Did you know that over 6 billion texts are sent daily in the United States?
What are we all saying to one another, and how do we find something interesting to say when we’re texting so often
Some people hate texting, finding it difficult to measure someone’s responses without the visual cues of being together physically.
Other people find it provides valuable time and space to think about what to say.
No matter your opinion, you have probably been in painfully boring text conversations before.
To help liven up your messages, let’s look at the elements of a great text exchange and how to be a better texter.
What Makes Someone a Dry Texter?
Before we talk about the ingredients for an engaging text conversation, let’s talk about what makes a bad one.
Here are some of the top things that might make you a dry texter:
- Giving short responses
- Not reciprocating the interest or energy
- Taking hours or days to respond to texts
- Asking boring or cliche questions
- Overloading someone with information or being too mysterious
See yourself in any of these? We have some solutions for you.
21 Ways To Not Be A Dry Texter
So how do you learn to have a great text conversation?
Consider using the following tips to help you learn how to stop being a dry texter.
1. Play Your Part in The Conversation
A good conversation takes two people, so you both need to make an effort!. Don’t rely on the person you’re texting to make the conversation lively.
Understand that your responses are also a part of guiding the back-and-forth, even if you didn’t initiate it.
2. Avoid One-Word Responses
Nothing shuts a conversation down more than short, disinterested responses. It makes the other person feel like you don’t want to talk to them, and it’s exhausting carrying the weight of the conversation alone.
One-wording is at the top of the list when it comes to the rules of how to avoid dry conversations over text.
3. Respond Promptly
So much of being an engaging texter is showing that you want to be a part of the conversation. Part of that requires responding promptly to a text.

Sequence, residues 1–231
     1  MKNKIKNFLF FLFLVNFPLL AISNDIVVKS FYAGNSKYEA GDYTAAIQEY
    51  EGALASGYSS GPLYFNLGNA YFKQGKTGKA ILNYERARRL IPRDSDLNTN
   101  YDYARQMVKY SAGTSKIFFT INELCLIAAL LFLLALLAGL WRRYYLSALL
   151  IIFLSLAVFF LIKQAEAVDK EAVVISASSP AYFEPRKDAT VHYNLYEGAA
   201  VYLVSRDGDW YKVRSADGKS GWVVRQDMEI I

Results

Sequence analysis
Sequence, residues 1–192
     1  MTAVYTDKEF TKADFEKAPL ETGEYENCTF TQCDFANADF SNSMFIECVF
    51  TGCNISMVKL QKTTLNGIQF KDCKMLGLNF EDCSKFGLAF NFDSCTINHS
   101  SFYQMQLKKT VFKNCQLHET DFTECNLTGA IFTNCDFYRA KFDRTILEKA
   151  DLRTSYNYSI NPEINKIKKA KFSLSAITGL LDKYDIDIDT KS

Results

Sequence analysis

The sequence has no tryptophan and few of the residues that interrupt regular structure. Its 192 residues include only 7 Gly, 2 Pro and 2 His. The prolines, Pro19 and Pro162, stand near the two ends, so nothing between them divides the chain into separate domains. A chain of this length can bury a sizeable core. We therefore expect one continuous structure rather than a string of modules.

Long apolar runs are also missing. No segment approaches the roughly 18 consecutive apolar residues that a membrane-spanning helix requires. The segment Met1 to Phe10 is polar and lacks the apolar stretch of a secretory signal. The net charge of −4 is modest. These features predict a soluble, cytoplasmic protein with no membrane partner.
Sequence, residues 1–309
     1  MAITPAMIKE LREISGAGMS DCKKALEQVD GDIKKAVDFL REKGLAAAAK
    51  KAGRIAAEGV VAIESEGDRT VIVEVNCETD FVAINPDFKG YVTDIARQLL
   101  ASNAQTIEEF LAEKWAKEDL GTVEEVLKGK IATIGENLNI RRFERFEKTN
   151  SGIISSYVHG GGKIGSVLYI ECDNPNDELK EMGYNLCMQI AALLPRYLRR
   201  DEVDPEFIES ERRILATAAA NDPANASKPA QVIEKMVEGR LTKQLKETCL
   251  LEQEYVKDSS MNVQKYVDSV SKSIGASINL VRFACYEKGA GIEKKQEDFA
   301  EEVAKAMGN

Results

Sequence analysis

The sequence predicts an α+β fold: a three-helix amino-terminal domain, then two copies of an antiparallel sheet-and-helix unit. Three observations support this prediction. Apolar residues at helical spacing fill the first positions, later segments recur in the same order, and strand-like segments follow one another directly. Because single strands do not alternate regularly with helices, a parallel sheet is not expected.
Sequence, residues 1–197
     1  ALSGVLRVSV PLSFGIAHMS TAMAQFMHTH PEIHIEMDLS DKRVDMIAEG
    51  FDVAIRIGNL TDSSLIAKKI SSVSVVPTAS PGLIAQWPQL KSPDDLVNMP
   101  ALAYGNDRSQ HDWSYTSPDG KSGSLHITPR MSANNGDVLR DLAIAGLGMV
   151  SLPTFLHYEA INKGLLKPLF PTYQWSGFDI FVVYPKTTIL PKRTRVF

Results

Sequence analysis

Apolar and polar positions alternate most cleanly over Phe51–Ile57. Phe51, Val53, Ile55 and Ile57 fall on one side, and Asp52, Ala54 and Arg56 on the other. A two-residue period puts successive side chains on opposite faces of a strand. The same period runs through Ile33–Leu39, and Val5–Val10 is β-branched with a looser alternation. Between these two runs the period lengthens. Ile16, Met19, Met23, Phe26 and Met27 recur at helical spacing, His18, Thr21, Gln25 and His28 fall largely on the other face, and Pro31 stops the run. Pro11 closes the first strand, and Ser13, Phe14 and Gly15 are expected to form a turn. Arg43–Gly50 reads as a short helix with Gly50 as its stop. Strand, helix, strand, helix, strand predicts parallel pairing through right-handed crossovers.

No one wants to wait 12 hours for a response; it makes them feel like you would rather be doing anything but talking to them.
If you don’t have time for a complete response, at least send a quick message saying you’ll get back to them shortly.
4. Don’t be a Cliche
Keeping a text conversation interesting involves asking icebreaker-type questions, but you don’t have to ask the same ones we’ve all heard before.
Instead, mix it up with unusual or unique questions that help you get to know one another on a deeper level. It also shows that you’re interested in the other person.
5. Keep it Fun
Don’t feel you must keep everything serious during a text conversation. Feel free to make jokes and silly comments.
Many people enjoy sharing funny memes or GIFs to keep things fun and lighthearted. After all, laughing together is one of the essential parts of a relationship.
6. Know The Point of The Conversation
When you text, remember that there is a point to the conversation and that you should know what it is.
Without a purpose, conversations tend to wander and fizzle out. Your goal might be getting to know the person you’re texting, planning a date, or discussing each other’s interests — it can be that simple.
7. Add Some Detail
Don’t be afraid to share personal details about yourself if they come up naturally. That doesn’t mean you need to info-dump or share intimate secrets before your relationship is at that step.
But you also don’t need to be so mysterious that you come across as a one-dimensional, inhibited bore.
Just don’t share anything you don’t want in writing that could be shared with others.
8. Add Some Memes and GIFs
Like it or not, emojis, GIFs, and memes have become an intrinsic part of how we communicate digitally.
You don’t have to go overboard, but these visual elements keep things fun and even help express your emotions (especially since the recipient can’t see you). They help add some tone to your messages.
9. Enjoy Yourself
Ultimately, if you’re having a text conversation with someone, likely it’s because you enjoy talking to them.
You want to know them and hear their opinions on different subjects. Don’t get so bogged down in the rules of texting that you forget to enjoy your (digital) time together.
10. Pay Attention